On the current political situation in Iraq , Jamal al Din said, “The ruling elite is overwhelmingly Shiaa with some liberal Islamist members. They won an overwhelming victory in the elections and we wish them success in the upcoming vote. They rule under a temporary civil law, the Law of Administration for the State of Iraq.” He warned against “the first signs of Lebanese style political sectarianism that have begun to appear. They are a dangerous omen for the future of the Shiaa community and all of Iraq .”

He revealed that Shiaa and Iraqi identities can exist side by side. In the past, “ Iraq was not divided along sectarian lines ub the street, at school, or at work. No one knew who was Shiaa and who was Sunni.” Nowadays, however, “For the first time, I feel others look at me differently because of the sect I belong to. It makes me wonder,” said Jamal al Din.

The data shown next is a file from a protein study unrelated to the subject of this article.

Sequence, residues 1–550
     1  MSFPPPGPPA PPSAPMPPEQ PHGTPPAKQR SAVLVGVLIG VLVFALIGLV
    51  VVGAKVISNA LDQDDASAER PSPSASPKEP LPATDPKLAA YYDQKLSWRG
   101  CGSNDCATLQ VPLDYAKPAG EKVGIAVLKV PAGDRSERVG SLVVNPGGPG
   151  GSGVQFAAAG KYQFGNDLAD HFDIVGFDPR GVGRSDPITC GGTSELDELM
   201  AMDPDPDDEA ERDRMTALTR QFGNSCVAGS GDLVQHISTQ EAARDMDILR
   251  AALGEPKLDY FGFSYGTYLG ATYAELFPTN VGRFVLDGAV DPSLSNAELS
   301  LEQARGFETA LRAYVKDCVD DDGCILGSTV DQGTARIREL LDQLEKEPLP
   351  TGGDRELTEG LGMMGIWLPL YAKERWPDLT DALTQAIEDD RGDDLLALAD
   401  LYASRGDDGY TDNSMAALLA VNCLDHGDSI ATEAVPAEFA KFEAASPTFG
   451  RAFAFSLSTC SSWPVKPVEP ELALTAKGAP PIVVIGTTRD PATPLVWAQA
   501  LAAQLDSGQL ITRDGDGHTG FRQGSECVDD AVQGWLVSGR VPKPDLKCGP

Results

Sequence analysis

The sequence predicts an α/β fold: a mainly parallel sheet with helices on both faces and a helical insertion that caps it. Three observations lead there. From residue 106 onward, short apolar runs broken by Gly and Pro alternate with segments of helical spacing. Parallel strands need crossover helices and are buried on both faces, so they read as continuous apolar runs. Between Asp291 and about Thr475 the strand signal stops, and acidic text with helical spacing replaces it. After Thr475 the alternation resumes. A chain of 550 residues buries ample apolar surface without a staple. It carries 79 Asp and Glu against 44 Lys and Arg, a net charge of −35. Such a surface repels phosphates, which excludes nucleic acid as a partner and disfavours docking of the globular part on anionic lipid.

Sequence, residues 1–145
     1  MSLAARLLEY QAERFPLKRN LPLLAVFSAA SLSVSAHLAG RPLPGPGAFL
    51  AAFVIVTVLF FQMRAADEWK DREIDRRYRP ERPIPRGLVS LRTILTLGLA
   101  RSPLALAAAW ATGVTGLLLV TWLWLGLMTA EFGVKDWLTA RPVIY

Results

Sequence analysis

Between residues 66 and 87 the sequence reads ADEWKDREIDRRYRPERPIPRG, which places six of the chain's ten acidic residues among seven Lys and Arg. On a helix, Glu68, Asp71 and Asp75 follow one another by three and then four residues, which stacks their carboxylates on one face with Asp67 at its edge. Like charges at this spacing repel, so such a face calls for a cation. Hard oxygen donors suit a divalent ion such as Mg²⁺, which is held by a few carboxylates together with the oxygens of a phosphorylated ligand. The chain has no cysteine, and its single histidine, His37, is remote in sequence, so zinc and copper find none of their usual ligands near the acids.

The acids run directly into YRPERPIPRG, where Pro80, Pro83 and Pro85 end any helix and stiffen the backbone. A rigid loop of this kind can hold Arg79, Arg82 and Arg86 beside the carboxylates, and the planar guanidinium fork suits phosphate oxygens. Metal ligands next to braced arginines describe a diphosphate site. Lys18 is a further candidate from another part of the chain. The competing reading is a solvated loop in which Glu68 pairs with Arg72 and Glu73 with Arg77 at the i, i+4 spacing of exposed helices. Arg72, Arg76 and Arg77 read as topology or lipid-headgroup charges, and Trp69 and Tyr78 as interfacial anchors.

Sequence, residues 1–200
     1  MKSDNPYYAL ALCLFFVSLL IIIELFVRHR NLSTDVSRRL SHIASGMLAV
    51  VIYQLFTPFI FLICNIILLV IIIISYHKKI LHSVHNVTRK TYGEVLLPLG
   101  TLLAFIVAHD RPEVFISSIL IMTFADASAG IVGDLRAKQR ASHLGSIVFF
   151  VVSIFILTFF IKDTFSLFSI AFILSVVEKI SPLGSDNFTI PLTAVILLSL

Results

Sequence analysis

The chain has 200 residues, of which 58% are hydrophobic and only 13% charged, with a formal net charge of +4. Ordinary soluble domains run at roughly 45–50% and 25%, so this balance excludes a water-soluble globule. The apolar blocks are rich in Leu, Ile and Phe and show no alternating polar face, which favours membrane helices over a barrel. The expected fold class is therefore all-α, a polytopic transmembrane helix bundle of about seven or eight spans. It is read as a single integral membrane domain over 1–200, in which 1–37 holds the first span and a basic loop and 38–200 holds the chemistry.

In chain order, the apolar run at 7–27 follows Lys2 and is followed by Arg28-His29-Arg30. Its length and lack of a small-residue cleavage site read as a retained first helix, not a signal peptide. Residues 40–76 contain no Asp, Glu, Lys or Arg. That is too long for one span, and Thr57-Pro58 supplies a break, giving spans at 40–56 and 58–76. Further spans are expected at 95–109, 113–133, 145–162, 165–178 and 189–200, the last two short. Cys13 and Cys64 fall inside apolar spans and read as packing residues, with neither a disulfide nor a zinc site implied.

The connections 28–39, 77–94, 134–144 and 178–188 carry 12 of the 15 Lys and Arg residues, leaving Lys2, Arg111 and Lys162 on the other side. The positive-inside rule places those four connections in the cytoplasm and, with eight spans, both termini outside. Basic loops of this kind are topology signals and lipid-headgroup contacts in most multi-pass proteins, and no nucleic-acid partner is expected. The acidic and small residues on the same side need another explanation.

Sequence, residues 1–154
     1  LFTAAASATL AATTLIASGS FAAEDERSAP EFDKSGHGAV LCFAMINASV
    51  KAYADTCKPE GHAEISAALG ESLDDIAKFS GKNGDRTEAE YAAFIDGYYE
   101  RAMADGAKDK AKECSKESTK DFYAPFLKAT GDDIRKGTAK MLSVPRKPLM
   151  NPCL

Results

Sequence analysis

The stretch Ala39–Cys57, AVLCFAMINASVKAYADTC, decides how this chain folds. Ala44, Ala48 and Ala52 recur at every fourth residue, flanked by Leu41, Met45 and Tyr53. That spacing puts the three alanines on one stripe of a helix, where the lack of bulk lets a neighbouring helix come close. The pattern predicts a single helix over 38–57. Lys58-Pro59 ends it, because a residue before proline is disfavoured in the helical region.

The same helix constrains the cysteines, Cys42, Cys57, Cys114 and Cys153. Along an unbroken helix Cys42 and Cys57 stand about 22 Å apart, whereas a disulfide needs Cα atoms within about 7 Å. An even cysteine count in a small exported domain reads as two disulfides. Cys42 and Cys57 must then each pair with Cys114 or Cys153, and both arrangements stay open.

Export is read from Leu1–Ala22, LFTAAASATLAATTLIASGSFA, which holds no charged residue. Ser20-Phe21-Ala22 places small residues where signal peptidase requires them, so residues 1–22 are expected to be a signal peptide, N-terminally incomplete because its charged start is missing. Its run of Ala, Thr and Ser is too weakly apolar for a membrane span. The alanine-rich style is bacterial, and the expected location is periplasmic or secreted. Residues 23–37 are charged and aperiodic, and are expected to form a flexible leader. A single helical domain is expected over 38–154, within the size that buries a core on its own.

Regarding his political program for the upcoming elections and beyond, the visiting Iraqi activist said, “Democratic political groups intend to join forces. We plan to take part in the elections under the leadership of interim Prime Minister Dr. Iyad Allawi. Our movement is made of Sunnis, liberal Shiaa, Arab and Kurds. We will run in the elections even if we are pitted against candidates backed by Ayatollah Sayyid Ali Husaini al Sistani although we hope the clash can be averted.” Reflecting on the previous parliamentary elections, Jamal al Din said “We ran against the list backed by al Sistani and lost because we were inexperienced.”

Asharq Al-Awsat

Asharq Al-Awsat

Asharq Al-Awsat is the world’s premier pan-Arab daily newspaper, printed simultaneously each day on four continents in 14 cities. Launched in London in 1978, Asharq Al-Awsat has established itself as the decisive publication on pan-Arab and international affairs, offering its readers in-depth analysis and exclusive editorials, as well as the most comprehensive coverage of the entire Arab world.